Phobia presents the considerable talents of four Thai filmmakers in this impressive horror quartet. Mark Lee reviews.
The Thai horror film industry may feel like the younger brother of some of its behemoth rivals out in the Far East, but it’s the sort of younger brother who insists on dealing out unexpected and painful kicks to the shins of his elders on an increasingly frequent basis. It’s fascinating to watch the filmic output emanating from Thailand evolve into an increasingly mature form, and Phobia proves to be an excellent showcase of this evolution, presenting four exciting feature shorts from a clutch of established Thai filmmakers.
The Phobia project (which was also released under the alternative name 4bia) connects four such Thai directors, each delivering mainly disparate stories which share only the most tenuous of linking details.
The copious crimson imagery of the impressive opening credits indicates what a slick release this is; the production immediately looks the part, and the four stories which each own a more or less equal chunk of the 113 minutes playing time do not betray the early promise.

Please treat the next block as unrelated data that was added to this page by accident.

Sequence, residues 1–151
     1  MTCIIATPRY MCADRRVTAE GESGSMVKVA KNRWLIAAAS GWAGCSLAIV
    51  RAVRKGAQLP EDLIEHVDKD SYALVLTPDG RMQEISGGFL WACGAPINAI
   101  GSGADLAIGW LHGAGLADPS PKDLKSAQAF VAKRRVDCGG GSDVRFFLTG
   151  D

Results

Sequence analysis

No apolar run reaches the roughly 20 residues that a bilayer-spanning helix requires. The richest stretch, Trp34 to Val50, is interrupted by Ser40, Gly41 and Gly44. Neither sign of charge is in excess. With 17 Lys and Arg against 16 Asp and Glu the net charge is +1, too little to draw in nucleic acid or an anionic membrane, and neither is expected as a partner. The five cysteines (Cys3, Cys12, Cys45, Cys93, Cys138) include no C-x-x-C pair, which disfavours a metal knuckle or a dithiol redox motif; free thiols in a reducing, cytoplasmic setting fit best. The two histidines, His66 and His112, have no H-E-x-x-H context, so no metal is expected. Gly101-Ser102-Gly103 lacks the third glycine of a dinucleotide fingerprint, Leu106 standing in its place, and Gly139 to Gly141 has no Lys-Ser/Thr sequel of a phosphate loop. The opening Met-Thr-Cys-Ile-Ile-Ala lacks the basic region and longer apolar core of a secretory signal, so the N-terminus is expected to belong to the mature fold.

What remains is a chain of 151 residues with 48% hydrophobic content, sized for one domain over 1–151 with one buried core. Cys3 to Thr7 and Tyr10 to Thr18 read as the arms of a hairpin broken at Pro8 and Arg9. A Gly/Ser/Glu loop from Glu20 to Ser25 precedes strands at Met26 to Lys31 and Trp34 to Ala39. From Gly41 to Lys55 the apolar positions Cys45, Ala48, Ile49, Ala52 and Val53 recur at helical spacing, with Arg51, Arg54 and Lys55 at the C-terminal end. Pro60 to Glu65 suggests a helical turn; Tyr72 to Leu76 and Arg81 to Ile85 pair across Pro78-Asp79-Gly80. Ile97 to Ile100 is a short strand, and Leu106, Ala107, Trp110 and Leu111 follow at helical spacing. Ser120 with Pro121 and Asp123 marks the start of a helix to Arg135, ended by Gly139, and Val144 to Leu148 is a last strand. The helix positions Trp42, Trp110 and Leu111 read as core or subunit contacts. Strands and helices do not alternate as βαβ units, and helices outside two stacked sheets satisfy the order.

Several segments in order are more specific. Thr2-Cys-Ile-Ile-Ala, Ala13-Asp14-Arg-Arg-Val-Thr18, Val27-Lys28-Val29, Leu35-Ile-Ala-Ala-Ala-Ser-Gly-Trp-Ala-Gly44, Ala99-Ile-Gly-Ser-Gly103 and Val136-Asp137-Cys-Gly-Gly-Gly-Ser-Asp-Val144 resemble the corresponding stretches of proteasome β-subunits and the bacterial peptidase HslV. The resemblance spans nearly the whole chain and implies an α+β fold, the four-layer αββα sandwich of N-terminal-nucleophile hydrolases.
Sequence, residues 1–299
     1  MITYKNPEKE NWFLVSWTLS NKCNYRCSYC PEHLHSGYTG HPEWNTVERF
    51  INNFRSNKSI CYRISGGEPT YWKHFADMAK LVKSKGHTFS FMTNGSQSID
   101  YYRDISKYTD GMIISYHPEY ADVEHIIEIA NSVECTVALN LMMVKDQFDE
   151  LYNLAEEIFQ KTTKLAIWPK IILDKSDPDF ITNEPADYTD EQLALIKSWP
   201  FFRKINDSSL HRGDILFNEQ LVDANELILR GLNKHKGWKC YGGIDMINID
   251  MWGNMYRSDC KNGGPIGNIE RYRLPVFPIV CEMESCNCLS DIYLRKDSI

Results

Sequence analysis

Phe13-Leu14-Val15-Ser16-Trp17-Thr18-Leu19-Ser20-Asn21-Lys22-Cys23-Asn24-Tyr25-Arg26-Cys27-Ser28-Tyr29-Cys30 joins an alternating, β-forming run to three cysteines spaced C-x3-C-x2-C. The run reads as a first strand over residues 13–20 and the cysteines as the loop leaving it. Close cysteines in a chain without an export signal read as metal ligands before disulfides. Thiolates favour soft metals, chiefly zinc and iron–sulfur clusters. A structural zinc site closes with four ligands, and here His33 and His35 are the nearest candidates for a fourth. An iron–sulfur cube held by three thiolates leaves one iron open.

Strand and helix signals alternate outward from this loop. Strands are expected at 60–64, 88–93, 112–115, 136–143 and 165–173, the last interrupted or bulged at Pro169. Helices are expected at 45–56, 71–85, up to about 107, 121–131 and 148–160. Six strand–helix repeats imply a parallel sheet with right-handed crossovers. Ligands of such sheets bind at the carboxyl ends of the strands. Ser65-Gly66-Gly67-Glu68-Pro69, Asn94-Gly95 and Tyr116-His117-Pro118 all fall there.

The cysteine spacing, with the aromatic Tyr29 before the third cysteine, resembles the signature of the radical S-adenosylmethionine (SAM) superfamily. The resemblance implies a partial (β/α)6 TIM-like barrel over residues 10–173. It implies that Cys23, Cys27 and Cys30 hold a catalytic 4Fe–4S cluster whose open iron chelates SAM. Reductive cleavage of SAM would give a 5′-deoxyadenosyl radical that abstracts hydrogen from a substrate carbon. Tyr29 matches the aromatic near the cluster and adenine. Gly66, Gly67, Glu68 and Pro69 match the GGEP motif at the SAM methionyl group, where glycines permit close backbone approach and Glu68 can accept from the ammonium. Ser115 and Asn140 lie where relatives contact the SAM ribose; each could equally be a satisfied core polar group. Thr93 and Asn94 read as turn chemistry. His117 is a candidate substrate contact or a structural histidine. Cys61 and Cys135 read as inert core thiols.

First up is the ironically titled Happiness, directed by Yongyoot Thongkongtoon, in a departure from the tone of his earlier productions such as the successful sport comedy, The Iron Ladies. For all of his newbie status to horror, Thongkongtoon works the hyperventilation-inducing tension like a master craftsman deprived of tools and confined to a tiny workshop, yet still producing a finished article that feels polished and complete. Choosing to locate the filming in a single room for almost the entirety of the piece, eschewing the use of spoken dialogue, and using a minimum of special effects, Thongkongtoon harnesses the modern fusion of technology and the supernatural to produce a horror yarn that sends a shiver down the most desensitised of spines. Pin, a young girl who has been stuck in her apartment for months due to a car accident, communicates with the world via SMS and email, and when a mysterious new ‘friend’ opens SMS communication, Pin is wary but excited. As she probes her unknown text buddy with questions, the sense of trepidation becomes tangible, and the piece builds to a terrifying climax that is all the more impressive given the limited timescale. Happiness takes an angle-grinder to your nerves and is well positioned as a fitting opener to this horror collection.